Seasonal Water Quality Performance of a Constructed Stormwater Wetland for all flow conditions.

Results from a multiyear study demonstrate that a constructed stormwater wetland (CSW) improves urban stormwater runoff quality mitigating downstream impacts. Best management practices, such as CSWs, can comprehensively treat the various scales of stormwater runoff issues. Discrete sample analysis was used to investigate the CSW effect for storm events and base-flow periods on water-quality parameters [i.e., total suspended solids, total dissolved solids, total nitrogen, phosphorous (total and reactive), chloride, heavy metals (zinc, lead, and copper), and Escherichia coli]. The primary finding was that stormwater sediment load was removed through the CSW for all flow conditions during all seasons. The mechanisms responsible for the removal of suspended solids, including slower flow velocity, longer retention times, and vegetative contact, also reduced the mass of nutrients discharged downstream throughout the year. Exceedance probabilities were used to evaluate the expected pollutant reductions of nutrients and to incorporate the effect of natural flow variation on quality. Other findings included the observation that there was no significant difference in the performance of the CSW over two-year-long periods four years apart, indicating that a CSW is effective for an extended period.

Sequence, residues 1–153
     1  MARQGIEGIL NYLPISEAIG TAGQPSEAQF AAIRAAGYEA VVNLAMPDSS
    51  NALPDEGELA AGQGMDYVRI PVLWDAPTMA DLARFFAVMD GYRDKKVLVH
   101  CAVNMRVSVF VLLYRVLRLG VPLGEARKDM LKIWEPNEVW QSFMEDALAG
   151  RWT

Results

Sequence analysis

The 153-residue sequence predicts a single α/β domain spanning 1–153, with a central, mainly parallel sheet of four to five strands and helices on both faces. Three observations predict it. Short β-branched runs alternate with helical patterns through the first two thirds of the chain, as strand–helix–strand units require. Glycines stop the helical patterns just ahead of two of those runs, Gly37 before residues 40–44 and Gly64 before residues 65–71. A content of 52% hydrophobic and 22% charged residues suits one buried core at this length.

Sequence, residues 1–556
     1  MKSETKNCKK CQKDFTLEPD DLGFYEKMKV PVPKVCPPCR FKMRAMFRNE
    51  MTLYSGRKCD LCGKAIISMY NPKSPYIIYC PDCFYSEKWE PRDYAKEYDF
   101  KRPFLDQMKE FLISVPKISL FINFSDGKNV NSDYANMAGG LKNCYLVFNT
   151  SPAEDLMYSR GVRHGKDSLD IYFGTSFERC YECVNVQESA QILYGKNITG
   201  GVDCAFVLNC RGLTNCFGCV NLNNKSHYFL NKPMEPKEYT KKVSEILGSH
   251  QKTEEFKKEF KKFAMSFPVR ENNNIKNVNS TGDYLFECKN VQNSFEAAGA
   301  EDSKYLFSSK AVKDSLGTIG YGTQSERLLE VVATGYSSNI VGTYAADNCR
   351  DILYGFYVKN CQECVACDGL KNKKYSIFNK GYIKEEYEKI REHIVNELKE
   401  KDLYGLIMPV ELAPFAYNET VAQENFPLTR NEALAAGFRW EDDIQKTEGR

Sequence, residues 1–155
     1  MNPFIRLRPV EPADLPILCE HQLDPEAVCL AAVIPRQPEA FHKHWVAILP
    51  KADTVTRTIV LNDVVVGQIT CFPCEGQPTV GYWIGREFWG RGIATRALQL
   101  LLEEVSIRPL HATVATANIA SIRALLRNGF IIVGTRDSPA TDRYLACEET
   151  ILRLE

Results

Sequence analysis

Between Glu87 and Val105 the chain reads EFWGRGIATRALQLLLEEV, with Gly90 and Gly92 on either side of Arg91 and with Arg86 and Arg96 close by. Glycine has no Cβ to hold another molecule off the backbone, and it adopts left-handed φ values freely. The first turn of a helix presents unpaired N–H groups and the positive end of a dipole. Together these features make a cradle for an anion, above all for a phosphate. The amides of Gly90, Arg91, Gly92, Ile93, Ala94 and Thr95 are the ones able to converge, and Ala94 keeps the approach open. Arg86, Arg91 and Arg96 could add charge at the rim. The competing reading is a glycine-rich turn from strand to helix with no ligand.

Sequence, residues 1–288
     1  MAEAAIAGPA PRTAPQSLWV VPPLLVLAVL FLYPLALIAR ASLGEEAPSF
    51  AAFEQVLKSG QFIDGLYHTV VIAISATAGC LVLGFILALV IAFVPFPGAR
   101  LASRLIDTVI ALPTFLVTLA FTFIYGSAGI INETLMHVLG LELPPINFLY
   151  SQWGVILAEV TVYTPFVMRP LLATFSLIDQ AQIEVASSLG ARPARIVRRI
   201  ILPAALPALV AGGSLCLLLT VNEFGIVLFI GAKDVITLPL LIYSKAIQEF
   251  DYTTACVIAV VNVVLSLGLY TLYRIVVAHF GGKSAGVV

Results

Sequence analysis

Main Author: Wadzuk, Bridget M.
Other Authors: Rea, Matthew., Woodruff, Gregg., Flynn, Kelly., Traver, Robert G.
Format: Villanova Faculty Authorship
Language: English
Published: 2010
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